homefeedbackabout us 
Macro economy  
Private economy  
Social security  
Rural development  
Urban development  
Pulling mining out of its mire

China Daily

Measures are urgently needed to address the problems in China's ailing mining industry,a State Economic and Trade Commission research report said.

The mining industry is the primary industry in virtually all market economy countries.

However, although providing 80 per cent and 93 per cent of raw materials and energy, the industry is still designated as a secondary industry in China, which causes many of its problems, the report pointed out.

Currently, of the estimated 390 cities that used to thrive on the mining industry, 47 have run into difficulties as their mineral resources are depleted.

Miners, numbering 21 million nationwide, have become the low-income group in China.

For example, the average annual income of a coal miner was lower than 9,371 yuan (US$1,133) - the country's average for urban areas in 2000.

The mining industry has never before encountered such a snag.

Rather than being dubbed a sunset industry, the mining sector is a strategic industry that should be strengthened in China as the demand for minerals and energy is expected to increase as the nation strives to build a well-off society, the report said.

According to statistics, there were 153,723 mining enterprises in China by the end of 2001, among which 500 were considered to be large and 1,254 medium-sized.

Such low industry concentration has taken a heavy toll on the mining industry's international competitive edge, the report said.

To beef up the sector's competitive edge, large mining enterprises should be reformed into listed holding companies by attracting foreign and private investment, while the medium and small-sized enterprises could be reorganized into larger ones through various ways, the report suggested.

As an industry long accustomed to a planned economy, the mining sector is already weighed down by its historical and social burdens, similar to the situation facing State-owned enterprises.

Adding more woes, the tax regime introduced in 1994 landed another blow to the industry as expenses increased significantly.

For example, the value-added tax on mining firms has been raised by up to 6 percentage points.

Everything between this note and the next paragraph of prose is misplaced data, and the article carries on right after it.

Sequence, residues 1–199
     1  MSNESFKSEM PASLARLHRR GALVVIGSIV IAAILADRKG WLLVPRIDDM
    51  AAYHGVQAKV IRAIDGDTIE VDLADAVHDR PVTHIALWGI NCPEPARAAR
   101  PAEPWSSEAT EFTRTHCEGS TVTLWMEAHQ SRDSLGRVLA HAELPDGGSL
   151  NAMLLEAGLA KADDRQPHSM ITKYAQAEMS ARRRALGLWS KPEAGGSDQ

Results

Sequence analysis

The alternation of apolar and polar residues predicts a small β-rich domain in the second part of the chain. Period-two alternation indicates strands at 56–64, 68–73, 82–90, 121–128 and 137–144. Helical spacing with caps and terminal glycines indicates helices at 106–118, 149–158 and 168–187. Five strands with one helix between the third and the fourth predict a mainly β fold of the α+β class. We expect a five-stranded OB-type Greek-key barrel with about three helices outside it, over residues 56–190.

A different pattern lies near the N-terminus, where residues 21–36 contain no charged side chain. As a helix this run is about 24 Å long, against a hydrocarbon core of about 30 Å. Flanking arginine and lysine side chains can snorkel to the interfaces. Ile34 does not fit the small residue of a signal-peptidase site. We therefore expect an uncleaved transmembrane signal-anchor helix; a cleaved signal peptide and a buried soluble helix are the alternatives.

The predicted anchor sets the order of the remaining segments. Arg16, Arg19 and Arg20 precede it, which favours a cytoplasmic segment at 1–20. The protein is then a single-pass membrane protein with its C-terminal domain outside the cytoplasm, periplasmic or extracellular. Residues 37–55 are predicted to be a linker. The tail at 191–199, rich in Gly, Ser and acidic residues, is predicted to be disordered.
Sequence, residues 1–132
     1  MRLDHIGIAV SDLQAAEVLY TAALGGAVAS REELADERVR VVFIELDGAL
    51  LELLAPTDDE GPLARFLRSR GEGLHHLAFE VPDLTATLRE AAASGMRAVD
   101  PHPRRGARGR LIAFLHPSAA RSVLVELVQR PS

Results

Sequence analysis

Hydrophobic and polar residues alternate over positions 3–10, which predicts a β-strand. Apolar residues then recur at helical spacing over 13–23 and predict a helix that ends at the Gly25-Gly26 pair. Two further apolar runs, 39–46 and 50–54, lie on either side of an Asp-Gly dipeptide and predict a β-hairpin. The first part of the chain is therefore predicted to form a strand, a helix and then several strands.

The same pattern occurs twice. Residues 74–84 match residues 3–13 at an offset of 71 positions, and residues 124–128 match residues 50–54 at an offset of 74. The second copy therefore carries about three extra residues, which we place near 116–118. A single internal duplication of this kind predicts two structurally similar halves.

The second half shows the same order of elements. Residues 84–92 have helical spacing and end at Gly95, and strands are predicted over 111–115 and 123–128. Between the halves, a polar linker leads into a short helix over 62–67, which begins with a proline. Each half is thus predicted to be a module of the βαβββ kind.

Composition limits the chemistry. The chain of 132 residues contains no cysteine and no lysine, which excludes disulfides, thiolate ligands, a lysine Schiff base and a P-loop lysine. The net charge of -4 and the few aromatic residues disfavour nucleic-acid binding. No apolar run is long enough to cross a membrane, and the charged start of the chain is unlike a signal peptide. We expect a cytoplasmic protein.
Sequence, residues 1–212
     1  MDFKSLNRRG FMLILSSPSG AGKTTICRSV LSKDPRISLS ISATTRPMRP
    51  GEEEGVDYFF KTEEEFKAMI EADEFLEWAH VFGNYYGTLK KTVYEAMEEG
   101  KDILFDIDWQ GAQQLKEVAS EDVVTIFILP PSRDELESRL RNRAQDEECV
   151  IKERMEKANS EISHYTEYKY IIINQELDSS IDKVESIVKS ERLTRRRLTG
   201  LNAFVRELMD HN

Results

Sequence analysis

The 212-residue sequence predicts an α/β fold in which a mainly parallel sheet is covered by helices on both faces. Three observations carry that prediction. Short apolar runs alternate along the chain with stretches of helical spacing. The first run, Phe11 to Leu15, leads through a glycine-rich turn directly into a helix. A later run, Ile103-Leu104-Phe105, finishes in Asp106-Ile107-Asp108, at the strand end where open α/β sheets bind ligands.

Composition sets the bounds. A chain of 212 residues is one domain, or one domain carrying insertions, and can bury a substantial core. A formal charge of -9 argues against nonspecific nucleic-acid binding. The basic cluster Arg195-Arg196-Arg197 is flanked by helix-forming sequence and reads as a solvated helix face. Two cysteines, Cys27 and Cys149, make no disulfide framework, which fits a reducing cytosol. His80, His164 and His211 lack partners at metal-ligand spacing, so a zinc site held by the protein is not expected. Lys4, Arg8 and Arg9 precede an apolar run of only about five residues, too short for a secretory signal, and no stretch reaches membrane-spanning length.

And new tariffs have also been imposed on mining firms such as resources compensation tax.

The tax hikes have further crippled the mining industry, the report noted.

Given China's mineral products are now being allocated in an open market after its World Trade Organization entry, a tax regime concerning the mining industry that is in line with international practices is desperately needed, the report urged.

The current value-added tax rate could be switched back to the level prior to the 1994 reform and the resources tax and resources compensation tax could be merged, the report recommended, adding other options such as a tax rebate could also be attempted to reduce mining firms' financial burdens.

As is the case with other State-owned enterprises, mining firms also assumed numerous social functions such as setting up their own schools, hospitals and even public security units.

A survey polling 14 coal mining firms in 2001 found the cost of running such social functions amounted to 1.33 billion yuan (US$160 million) that year, accounting for 10.42 per cent of their total revenue.

Though efforts are now being mounted to divest the mining enterprises of their affiliated social functions to local governments, the push is not always successful.

Some enterprises have even found their burden increased.

So in order to complete the separation of social functions, a workable solution is crucial, the report stressed.

When the schools and public security units are transferred to local government, they should be financed by local budgets.

And enterprises could also turn their affiliated social facilities into economic entities that are responsible for their own business operations, the report added.

In recent years, the number of newly-found mineral resources has plummeting. Reserve resources in China are considerably inadequate.

At present, 440 mineral ores in China are nearing depletion and 66 per cent of the country's main non-ferrous ores are coming to an end.

Up until now, 83 ores have already run out or are scheduled to become extinct.

By the end of 2010, 355 more non-ferrous ores are expected to follow, accounting for 46 per cent of the country's non-ferrous ores and 35 per cent of total production capacity.

The pace of closure for mining enterprises due to the exhaustion of minerals is set to accelerate in the coming 10 years, so it is a pressing task now to draw up proper measures in preparation, the report purposed.

For instance, relevant laws and regulations concerning the closure of resource-depleted mining enterprises should be formulated as soon as possible.

And a certain percentage of money could be taken out of mining enterprises' mineral sales revenue to set up a special fund to help relocate the laid-off workers when the firms close, the report recommended.

While the existing ore is being exhausted, the reserve ore is not being backed up by new discoveries, the report lamented.

This problem is mainly caused by insufficient prospecting, which is the result of meager investment in prospecting, the report said.

So, introducing foreign investment into prospecting by improving the country's investment climate should be put on the government's agenda.

In addition, the government should encourage mining companies to prospect, trying to form a stable resource supply base, the report said.

 go to forum 
homefeedbackabout us 
 Produced by www.chinadaily.com.cn. All Rights Reserved
E-mail: webmaster@chinagate.com.cn